One way to chew on the Bible is to spend time thinking about a passage, asking God to help you see what it means (both in general, and with regards to your current situation). Thinking about something that the Bible says is called meditation (see Joshua 1:8 and Psalm 119:9-32). As I’ve heard it said, “meditation” is sometimes used to describe the practice of emptying one’s mind, but in a Christian context, it means focusing on something good (rather than focusing on nothing).
Much can be learned by dwelling on individual verses, but I suggest that you consider several related verses at a time. Read through them more than once, and maybe even write them down or commit them to memory. Ask God to show you what He wishes to tell you about them. Look up other related Bible passages. Check trusted teachers or writers to see what connections they have made, or what the history of the containing book’s context tells us. Keep your eyes open for how your Bible reading relates to the world around you.
If you get this far, you’re well on your way to filling up on the messages of God.
With a foundation of regular Bible study and meditation, though, consider also how to properly evaluate the other messages that you see around you. Chew over viewpoints that you hear – whether within the church, or on the news – and evaluate them in light of God’s word. Do these claims and statements align with what you have found in the Bible, and what God has shown you? If so, that’s great! Promote the truth and support those who speak it.
If you find contradictions, though, go back to the Bible and understand what it says. Has God answered a question in a different way? What solution does the Bible prescribe for a certain situation? How did Jesus respond to similar challenges that others are facing today? How did He counsel those who are acting or reacting inappropriately? And, how does God call His people to help those who are practicing or teaching unhealthy approaches to life?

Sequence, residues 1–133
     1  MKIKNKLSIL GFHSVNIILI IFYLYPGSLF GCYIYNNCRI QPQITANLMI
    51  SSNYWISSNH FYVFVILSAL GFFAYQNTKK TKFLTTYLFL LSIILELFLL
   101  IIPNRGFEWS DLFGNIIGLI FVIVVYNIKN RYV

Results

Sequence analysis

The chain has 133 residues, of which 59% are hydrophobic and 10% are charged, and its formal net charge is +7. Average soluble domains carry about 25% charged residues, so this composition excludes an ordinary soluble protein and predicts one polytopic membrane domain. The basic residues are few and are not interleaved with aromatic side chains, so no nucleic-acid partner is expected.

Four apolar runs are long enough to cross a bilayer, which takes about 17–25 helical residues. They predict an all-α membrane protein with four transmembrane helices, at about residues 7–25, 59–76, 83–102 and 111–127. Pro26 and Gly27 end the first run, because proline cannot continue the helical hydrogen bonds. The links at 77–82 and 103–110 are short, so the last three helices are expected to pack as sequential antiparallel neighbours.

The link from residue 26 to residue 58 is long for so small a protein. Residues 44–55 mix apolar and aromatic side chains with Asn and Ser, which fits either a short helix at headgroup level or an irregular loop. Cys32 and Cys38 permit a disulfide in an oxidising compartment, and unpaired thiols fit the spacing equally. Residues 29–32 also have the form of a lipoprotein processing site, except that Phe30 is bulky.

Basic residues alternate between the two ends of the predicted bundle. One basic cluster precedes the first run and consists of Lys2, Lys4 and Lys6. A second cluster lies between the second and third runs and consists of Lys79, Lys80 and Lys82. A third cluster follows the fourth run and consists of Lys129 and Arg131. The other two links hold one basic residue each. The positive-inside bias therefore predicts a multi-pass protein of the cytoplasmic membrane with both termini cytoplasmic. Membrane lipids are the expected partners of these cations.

Looking at situations around us in the perspective of Scripture (that is, “discernment”) takes some work. Letting any untrusted source “spoon-feed” us their point of view is dangerous, but getting to the truth and gaining something useful from a complex situation in a broken world is going to take some work. We’re going to have to chew on it for a while.
The first step is to absorb as much of God’s Word as we can; then, as we continue to do so, we become able to measure the messages around us against the truth. The answers aren’t always easy, though: God didn’t write out a commentary on each day’s news for all of time, nor does He send out an e-mail digest of what we are to think about current events each day. Still, for those who are sufficiently mature, right and wrong can be identified, and a better solution can be shared among all of us.
Scripture quotations marked (NLT) are taken from the Holy Bible, New Living Translation, copyright ©1996, 2004, 2015 by Tyndale House Foundation. Used by permission of Tyndale House Publishers, a Division of Tyndale House Ministries, Carol Stream, Illinois 60188. All rights reserved.
- On the other hand, teenagers sometimes seem to swallow food whole, as they devour the contents of their plate, along with the leftovers from their younger siblings’ meal. That’s a different topic, though. ↩